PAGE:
US trade body PhRMA says it’s too early to predict the effects of the Sunshine Act but says “we hope the Open Payment database will benefit patients in letting them know about interactions between their physicians and biopharmaceutical companies to help them make accurate and informed healthcare decisions”. While the ABPI insists there is no reason to expect a significant impact on the pharma/doctor relationship.

But Sarah Eglington, healthcare intelligence director at Binley’s, says some companies in the UK have already stopped making payments to HCPs. Indeed, GSK announced at the end of 2013 it would end direct payments to HCPs for speaking slots and attending conferences. Other companies may now take a view that stopping payments altogether will avoid any risk of being found in breach of the legislation. As for the HCP, Eglington adds: “Some healthcare professionals are happy to provide services without payment but others may stop if payment isn’t offered. There are too many uncertainties on all sides to be able to fully assess the potential impact.”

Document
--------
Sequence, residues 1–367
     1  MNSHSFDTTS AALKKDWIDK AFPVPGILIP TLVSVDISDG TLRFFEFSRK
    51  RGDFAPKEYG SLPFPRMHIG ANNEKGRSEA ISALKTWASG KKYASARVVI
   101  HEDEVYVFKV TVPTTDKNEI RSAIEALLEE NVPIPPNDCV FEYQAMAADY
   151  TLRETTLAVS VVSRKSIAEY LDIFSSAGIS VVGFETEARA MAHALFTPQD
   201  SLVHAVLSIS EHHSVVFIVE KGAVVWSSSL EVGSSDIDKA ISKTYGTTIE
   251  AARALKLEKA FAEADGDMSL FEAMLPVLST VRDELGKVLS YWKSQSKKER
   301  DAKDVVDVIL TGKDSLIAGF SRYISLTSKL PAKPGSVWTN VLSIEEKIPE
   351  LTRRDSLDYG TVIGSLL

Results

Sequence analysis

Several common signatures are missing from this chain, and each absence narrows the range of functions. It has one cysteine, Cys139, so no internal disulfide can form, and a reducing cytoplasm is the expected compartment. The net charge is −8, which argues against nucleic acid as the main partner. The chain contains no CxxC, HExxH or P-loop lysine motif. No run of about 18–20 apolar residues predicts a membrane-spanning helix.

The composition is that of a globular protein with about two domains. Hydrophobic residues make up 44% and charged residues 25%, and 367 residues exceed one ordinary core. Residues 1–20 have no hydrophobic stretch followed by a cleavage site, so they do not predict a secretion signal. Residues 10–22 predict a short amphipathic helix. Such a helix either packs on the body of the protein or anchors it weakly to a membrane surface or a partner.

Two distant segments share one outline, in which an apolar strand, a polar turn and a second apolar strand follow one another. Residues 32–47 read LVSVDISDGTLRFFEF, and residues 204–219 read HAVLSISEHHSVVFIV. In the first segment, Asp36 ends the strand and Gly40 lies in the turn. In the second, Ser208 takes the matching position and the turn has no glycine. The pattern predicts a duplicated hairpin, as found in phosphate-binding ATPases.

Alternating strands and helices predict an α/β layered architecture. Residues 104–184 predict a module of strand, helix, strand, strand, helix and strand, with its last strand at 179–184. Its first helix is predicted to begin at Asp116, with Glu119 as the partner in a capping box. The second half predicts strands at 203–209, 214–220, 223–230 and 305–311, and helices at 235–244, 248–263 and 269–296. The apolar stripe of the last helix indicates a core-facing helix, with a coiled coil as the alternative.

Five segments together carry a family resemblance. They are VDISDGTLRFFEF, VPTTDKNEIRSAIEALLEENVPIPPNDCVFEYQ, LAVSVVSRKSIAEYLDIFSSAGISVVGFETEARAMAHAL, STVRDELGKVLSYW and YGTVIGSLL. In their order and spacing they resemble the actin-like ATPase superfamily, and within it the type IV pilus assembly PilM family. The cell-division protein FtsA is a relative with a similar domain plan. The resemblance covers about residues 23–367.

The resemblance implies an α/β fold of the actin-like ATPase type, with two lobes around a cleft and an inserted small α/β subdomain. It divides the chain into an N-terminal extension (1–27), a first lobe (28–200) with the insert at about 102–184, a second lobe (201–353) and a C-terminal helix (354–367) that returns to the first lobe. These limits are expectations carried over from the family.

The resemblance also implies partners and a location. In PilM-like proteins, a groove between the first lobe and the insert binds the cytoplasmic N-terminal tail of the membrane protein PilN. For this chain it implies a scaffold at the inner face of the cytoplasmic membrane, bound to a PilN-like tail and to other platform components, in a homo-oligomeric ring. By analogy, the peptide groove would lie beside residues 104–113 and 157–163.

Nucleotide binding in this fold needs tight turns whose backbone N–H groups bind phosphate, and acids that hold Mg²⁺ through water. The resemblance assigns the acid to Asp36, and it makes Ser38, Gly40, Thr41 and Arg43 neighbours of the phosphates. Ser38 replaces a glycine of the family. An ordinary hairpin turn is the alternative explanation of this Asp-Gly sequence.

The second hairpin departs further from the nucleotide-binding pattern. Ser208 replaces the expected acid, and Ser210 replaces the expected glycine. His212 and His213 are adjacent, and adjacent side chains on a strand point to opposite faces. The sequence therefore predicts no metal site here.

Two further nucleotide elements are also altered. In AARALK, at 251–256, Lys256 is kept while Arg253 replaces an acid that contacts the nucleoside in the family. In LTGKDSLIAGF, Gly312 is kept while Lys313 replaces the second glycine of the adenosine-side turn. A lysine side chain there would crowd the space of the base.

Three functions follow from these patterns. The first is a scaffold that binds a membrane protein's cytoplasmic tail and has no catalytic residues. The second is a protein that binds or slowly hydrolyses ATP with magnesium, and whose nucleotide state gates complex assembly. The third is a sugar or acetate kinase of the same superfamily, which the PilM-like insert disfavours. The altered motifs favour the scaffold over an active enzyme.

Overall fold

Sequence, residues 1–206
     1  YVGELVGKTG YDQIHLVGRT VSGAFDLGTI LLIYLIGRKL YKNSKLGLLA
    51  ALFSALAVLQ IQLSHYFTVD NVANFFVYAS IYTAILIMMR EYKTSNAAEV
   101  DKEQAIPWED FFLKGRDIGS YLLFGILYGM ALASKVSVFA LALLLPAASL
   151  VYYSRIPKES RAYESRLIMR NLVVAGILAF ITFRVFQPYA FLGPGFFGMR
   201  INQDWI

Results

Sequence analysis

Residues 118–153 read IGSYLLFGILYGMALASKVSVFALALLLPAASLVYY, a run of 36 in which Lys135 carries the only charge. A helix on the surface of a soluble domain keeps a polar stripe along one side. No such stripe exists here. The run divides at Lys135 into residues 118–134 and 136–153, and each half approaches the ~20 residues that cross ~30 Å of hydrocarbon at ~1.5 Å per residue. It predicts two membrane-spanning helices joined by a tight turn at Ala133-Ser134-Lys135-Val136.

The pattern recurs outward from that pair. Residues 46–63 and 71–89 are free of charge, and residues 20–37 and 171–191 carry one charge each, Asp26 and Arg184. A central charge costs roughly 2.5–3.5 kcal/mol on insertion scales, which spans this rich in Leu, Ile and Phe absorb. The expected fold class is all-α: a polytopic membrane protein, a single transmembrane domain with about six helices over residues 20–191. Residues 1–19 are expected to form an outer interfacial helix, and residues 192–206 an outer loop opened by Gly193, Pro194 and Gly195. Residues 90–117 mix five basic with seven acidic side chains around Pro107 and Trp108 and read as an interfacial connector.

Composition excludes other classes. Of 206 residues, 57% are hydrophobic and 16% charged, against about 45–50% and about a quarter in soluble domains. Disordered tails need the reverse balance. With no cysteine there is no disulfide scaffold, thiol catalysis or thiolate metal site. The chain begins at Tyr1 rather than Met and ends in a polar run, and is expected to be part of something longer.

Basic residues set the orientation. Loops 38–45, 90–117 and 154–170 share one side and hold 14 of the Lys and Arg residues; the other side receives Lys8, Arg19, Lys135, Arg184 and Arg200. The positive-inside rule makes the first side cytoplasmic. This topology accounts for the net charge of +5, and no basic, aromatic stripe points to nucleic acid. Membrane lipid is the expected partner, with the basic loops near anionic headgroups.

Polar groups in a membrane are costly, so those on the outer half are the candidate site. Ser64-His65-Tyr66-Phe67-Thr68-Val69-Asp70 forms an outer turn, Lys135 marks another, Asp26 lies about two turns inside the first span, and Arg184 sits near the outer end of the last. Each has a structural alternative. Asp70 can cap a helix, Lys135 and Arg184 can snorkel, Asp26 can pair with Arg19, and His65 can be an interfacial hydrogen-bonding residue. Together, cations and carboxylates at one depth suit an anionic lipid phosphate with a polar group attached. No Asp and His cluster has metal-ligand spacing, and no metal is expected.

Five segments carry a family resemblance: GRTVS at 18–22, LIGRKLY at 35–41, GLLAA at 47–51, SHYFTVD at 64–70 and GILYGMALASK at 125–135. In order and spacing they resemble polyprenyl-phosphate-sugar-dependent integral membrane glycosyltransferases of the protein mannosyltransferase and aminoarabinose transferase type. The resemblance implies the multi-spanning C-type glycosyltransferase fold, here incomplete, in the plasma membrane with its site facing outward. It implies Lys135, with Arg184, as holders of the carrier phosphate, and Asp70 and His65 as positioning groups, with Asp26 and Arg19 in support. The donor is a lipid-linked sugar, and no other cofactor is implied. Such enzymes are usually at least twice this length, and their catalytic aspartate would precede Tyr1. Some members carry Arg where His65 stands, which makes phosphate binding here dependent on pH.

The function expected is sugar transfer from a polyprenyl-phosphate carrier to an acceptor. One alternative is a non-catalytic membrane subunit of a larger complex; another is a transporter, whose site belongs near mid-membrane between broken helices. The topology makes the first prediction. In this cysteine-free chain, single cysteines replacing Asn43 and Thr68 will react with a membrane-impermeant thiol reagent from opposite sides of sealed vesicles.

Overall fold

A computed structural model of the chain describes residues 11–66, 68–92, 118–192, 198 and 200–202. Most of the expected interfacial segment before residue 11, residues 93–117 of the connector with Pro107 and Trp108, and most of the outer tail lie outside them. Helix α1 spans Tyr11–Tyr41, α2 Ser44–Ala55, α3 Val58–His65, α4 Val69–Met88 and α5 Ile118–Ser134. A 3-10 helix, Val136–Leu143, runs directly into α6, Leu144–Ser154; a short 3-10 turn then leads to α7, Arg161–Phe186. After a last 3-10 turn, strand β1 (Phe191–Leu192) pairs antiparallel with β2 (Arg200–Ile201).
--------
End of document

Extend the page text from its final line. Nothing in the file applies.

There is no mistaking the new rules will require a change in both mindset and culture, and as Powrie-Smith puts it this is a journey for the industry. “Transparency is like a Messerschmitt bubble car – there is no reverse gear. Societal expectations tend to move forward, and we need to work with our stakeholders to ensure that our relationships continue to meet expectations.”

What do the doctors think?

Doctor against

Dr Mark Freeman, consultant in diabetes and endocrinology

“I give talks on behalf of various pharma companies regarding new drugs. It takes time to prepare a presentation and deliver it, and I would not be prepared to do it without payment.